If 2014 is truly to be Africa’s Year of Agriculture and Food Security, then Africa’s production potential has to be addressed, says IFA Vice President for Africa Alassane Diallo.
Africa has awoken. Ten of the world’s fastest growing economies are now in Africa, with around one third of our 54 countries seeing annual GDP growth of over 6%.
However, this momentum has not yet spread to all sectors. Cereal crop yields in Africa are only one-third as high as in developing Asia, and only one-tenth as high as the United States. When one in five Africans still goes to bed hungry – how can this sector be ignored?
The African Union has named 2014 to be the Year of Agriculture and Food Security in order to set out steps towards a hunger free and sustainable Africa. In my view, one major part of this puzzle that must be tackled is Africa’s incredibly low use of fertilizer.
Fertilizer storage in Africa. But use is relatively low on the continent.
Image: IFDC/Danielle Mbesherubusa on Flickr
Sub-Saharan Africa represents 10% of the total global population yet only 0.8% of total fertilizer use. Considering 75% of sub-Saharan Africa’s soils are degraded, this makes little sense. It is estimated that nutrient losses from agricultural soils in sub-Saharan Africa are worth the equivalent of $4 billion annually. The African Union has called for an increase in the level of use of fertilizer from the average of 8 kilograms per hectare in 2006 to at least 50 kilograms per hectare by 2015.
But what will it take to make this happen?
Room for growth
The first way to improve access to fertilizer is through investment in infrastructure. Without adequate road and port facilities, costs of transporting fertilizer remain high, and well out of reach for many smallholders. Currently, only 16% of Africa’s 1.8 million kilometres of roads are paved – an obvious area for improvement.
Improving port facilities to receive greater volumes of fertilizer as Yara is doing in Tanzania, will also temper prices. Rwanda has subsidized transport costs since 2008 and as a result has seen its maize yield increase by 73%.
There are barriers to fertilizer accessibility and affordability. Image: IFDC
Another route to improved fertilizer use is through proper training programs for farmers and agricultural input retailers. Fertilizer will have the most impact if farmers use the right nutrient source, at the right rate, at the right time, in the right place.
The fertilizer industry, in partnership with international and national research and extension organizations, is addressing this education challenge. The Africa Fertilizer Volunteer Program, which we at IFIA recently launched, supports global fertilizer experts in volunteering their time and knowledge to help build a vibrant African fertilizer value chain, and thus improve smallholder access to fertilizer.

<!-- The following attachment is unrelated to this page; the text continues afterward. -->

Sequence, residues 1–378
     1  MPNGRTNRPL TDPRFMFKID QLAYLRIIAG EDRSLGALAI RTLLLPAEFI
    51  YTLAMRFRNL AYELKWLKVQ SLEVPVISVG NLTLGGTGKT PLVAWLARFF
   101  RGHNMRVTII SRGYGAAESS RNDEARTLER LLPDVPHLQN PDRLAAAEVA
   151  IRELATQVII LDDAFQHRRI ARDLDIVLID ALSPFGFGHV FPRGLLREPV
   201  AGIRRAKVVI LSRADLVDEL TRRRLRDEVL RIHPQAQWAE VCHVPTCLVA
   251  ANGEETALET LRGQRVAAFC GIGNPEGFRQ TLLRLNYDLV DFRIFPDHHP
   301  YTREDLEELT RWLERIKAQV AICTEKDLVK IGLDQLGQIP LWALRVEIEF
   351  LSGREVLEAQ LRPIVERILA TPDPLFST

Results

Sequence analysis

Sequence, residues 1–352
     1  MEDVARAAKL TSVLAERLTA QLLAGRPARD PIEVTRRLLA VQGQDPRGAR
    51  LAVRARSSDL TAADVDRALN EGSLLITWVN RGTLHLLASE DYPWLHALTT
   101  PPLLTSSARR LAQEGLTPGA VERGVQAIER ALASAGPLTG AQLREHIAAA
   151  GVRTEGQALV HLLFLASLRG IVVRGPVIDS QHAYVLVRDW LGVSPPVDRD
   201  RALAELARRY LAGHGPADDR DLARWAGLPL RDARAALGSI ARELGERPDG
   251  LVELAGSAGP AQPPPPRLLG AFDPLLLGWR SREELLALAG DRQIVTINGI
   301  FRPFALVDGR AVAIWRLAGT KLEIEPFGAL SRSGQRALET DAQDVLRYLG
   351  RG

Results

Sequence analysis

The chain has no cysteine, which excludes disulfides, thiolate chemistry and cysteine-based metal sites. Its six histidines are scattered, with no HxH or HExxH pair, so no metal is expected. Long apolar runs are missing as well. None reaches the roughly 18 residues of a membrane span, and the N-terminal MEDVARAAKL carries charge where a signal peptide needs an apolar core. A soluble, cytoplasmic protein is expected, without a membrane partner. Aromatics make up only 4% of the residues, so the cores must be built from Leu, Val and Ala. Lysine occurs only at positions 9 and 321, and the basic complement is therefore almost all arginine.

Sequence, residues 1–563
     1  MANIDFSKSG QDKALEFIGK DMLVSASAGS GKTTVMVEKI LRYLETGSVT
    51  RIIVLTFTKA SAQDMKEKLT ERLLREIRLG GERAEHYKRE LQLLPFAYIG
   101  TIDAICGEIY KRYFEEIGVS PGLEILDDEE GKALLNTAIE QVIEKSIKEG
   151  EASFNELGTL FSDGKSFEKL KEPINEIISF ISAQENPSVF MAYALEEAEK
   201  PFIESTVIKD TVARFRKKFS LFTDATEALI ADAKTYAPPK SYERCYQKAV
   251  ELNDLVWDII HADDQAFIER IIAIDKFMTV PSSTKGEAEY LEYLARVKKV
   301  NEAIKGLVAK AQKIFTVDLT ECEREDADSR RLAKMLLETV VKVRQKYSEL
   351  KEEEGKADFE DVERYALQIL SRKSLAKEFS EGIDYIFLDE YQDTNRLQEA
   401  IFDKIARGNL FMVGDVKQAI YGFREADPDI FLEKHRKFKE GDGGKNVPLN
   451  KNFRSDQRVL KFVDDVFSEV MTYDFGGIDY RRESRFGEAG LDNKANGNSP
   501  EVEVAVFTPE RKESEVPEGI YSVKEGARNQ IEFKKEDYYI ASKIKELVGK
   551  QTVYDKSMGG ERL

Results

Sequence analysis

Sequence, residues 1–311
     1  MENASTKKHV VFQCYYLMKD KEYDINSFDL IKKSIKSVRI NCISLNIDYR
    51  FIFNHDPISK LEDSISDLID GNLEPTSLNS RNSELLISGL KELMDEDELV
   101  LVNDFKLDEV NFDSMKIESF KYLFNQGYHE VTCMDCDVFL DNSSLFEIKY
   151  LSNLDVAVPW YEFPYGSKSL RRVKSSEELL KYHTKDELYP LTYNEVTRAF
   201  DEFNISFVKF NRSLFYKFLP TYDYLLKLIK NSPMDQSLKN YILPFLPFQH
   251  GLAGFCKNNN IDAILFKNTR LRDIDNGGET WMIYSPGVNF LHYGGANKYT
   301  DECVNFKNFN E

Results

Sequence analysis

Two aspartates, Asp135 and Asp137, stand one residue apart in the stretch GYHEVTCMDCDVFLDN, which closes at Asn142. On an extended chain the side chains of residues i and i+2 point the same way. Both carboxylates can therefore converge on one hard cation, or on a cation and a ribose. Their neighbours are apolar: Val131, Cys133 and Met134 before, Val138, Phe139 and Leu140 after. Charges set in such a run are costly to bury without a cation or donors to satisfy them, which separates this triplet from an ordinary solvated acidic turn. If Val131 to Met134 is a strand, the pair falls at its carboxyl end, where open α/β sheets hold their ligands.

Of course, access to fertilizer is only one of the many interventions that African farmers need to boost their productivity in the future. The work carried out by One Acre Fund, for example, bundles the timely, local distribution of inputs like fertilizers and improved seeds with three other interventions a farmer requires – namely, credit, training to improve farmers’ profits and links to a market to sell their produce. This model has been shown to double beneficiaries’ yields, giving those farmers not only the food and nutrition security they need, but also a resilient livelihood.
Fertilizer also has an important role to play in terms of levelling the field for female farmers. FAO has recorded women’s use of fertilizer as being significantly lower than men’s, mainly due to lack of access to this vital input. This is a major factor that contributes to their yields being around 20-30% lower than men’s. It has been cited that this gap could be bridged sizably by improving women’s access to fertilizer and such an intervention could feed a further 150 million people.
Women applying fertilizer to Cassava plants in Nigeria. Image: IITA on Flickr
When equipped with the means to use fertilizer effectively, Africa could see its food production soar. When this effective use of fertilizer is coupled with improved seeds and the application of up-to-date engineering and agronomic knowledge, studies have shown cereal grain yields can triple, from one tonne per hectare to three tonnes per hectare.
We already have 60% of the world’s potential additional farmland, and by giving its soil the nutrients it needs could have a dramatic impact on crop yields, the livelihood of African smallholders, and consequently food and nutrition security levels on the continent and around the world
If 2014 is truly to be Africa’s Year of Agriculture and Food Security, then the Africa fertilizer gap has to be addressed; we must find ways to get this vital input into farmers’ hands. Only then can a Green Revolution in Africa truly flourish.